Afterdream Review: Welcome To Reality. Or Is It A Dream?

Experience a lucid dream, innermost secrets and more in indie psychological horror Afterdream, out now on the Switch.

Afterdream is Jesse Makkonen’s best game yet. Creator of Distraint and its sequel, this psychological horror embraces similar themes from Jesse’s previous works, specifically mortality.

Once again, we enter a lucid dream (or nightmare) world where we question what is “reality” and what has been concocted from fragmented memories. The story is thought-provoking, and like the aforementioned Distraint 2, it begs for an unrestrained playthrough.

The visuals in Afterdream are an evolution of the earlier titles, and the handcrafted level design, UI and variety of puzzles blend better than cookies and cream. It tastes better, too. Wait a minute…

An apt choice for Feardemic, who are on publishing duties, the ambience in this side-scroller is spot-on and creates a fair amount of tension in the ‘absence creates presence mould’. Sure, there could have been a few more scary bits, but overall, it’s a terrific experience.

The Achilles heel, however, was the difficulty of puzzles. While some could argue that I’m a genius (do let me know who said that, and I’ll ping them some dosh), I have to say that the challenge here was minimal. It’s rare to go through this type of game so quickly. Does that mean the logical elements flow or border on too simple? Regardless, they’re enjoyable, but there weren’t enough to perplex me.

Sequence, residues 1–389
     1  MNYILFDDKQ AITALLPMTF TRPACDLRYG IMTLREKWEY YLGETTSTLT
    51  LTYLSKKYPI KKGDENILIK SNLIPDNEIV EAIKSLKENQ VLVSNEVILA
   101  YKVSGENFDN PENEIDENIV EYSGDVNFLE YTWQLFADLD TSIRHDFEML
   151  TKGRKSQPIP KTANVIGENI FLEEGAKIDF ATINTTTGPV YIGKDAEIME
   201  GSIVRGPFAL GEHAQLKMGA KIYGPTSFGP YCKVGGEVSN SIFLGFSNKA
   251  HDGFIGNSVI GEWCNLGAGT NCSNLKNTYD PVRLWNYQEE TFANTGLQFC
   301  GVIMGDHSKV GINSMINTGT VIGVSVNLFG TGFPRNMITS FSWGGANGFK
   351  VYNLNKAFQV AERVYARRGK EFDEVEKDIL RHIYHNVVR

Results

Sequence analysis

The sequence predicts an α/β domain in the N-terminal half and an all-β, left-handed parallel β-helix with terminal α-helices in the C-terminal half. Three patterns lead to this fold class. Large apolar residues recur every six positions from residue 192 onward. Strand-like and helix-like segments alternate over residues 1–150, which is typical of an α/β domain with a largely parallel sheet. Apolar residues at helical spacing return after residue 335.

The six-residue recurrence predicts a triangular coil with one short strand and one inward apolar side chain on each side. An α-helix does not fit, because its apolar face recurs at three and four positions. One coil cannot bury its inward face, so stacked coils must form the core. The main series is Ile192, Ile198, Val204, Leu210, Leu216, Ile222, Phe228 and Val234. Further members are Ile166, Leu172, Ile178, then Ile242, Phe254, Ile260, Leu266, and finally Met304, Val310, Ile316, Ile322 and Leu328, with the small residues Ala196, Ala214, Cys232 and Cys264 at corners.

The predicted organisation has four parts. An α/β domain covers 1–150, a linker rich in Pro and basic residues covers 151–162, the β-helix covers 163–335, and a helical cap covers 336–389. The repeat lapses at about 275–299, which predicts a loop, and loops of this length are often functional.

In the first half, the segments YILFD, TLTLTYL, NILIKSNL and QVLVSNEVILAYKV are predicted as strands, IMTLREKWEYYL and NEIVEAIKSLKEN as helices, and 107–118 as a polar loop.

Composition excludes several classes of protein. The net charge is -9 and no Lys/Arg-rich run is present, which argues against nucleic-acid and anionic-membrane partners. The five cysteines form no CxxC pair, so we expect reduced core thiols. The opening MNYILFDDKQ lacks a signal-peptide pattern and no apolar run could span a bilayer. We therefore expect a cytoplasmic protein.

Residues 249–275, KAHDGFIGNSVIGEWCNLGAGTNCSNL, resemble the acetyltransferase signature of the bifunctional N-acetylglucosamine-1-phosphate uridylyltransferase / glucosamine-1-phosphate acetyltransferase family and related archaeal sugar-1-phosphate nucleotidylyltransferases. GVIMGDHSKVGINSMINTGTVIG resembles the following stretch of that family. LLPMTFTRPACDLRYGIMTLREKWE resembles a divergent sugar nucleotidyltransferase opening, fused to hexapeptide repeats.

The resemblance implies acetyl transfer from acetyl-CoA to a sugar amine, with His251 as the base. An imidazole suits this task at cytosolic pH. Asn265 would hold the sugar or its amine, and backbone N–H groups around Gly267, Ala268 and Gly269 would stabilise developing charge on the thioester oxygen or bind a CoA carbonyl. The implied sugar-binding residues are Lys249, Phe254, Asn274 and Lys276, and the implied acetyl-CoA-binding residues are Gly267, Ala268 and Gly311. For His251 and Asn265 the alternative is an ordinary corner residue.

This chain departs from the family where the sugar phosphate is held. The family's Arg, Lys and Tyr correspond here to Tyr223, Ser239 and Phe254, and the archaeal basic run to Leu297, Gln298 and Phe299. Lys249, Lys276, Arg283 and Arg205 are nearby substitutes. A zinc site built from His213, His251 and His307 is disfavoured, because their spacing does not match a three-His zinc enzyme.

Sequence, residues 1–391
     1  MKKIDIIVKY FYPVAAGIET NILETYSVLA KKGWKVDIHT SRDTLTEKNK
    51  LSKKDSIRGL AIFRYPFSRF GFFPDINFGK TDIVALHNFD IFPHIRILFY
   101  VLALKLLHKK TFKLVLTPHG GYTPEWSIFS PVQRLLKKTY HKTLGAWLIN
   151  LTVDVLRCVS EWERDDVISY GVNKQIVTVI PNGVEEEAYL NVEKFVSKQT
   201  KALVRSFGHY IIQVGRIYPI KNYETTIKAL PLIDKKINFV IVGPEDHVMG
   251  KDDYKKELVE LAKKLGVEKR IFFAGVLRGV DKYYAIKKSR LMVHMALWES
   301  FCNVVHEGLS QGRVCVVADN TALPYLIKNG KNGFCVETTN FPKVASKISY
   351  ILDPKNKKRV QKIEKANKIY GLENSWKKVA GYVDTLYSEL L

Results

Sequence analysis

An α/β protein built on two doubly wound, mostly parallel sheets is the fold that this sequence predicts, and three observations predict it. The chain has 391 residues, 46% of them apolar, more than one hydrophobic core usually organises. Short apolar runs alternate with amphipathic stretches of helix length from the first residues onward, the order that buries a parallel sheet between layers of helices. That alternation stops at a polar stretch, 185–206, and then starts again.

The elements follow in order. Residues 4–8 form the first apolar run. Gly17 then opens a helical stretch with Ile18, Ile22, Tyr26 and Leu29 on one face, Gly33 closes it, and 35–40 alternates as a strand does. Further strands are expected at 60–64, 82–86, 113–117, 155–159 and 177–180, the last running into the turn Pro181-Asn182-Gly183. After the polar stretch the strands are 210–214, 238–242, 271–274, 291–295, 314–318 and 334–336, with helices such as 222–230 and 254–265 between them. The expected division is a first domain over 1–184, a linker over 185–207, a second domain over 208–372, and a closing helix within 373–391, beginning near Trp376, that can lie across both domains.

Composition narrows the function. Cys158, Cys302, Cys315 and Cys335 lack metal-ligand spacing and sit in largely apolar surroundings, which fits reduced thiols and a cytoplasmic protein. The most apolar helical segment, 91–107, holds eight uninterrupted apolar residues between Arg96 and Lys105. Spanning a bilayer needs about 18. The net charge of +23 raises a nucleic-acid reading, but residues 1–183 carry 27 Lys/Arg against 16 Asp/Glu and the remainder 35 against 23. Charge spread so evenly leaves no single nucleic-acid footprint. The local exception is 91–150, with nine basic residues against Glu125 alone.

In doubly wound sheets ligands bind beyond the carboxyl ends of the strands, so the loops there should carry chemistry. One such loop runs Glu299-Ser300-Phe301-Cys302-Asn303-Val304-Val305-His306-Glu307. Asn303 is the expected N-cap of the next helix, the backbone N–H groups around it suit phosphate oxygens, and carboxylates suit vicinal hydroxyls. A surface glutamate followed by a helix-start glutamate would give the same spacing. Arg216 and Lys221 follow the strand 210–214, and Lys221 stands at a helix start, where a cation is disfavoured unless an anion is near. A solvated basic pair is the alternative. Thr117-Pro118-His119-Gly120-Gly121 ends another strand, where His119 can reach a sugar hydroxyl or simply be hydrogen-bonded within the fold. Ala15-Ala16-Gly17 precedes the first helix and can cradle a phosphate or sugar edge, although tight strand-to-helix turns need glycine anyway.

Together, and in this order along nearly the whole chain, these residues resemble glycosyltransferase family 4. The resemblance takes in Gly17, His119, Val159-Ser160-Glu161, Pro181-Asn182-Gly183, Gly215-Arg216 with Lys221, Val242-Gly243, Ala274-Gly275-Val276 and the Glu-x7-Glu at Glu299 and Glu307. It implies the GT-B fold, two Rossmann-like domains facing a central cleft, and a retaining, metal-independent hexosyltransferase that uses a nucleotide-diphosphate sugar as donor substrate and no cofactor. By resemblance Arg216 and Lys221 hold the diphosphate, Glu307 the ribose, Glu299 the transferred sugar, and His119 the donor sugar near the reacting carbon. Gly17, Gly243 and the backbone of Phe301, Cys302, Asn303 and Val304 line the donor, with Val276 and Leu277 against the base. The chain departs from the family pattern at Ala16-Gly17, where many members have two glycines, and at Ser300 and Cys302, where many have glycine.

Typically, you’ll explore each room or corridor; anything interactive will appear on the screen. A default action will show, but tap down on the d-pad, and anything within your inventory can be used with it. This works great and saves fannying about with a cursor as you would in a traditional point and click.

Not all items are in plain sight, and Afterdream’s USP is the camera feature. Early in the story, a character awards you a camera that is available at any point (yay, no cooldowns or batteries required!) and with the on-screen cursor, it’s possible to see elements that can’t be seen with the naked eye.

Doors will open, objects will become malleable, and secrets will be uncovered. Another feature of the camera is the flash. This will light up dark areas and charge specific points with energy. There was a missed opportunity with the flash mechanic, as it would have been nice to fill my pants once or twice with a jump scare.

Still, Afterdream is a decent story, and dare I keep bringing up Distraint, it has that same appeal that makes you want to dive deep into the dream and hold onto it for as long as possible. It’s the same as actual lucid dreams, right? In short, this is the best game yet from the developer and one to add to your list.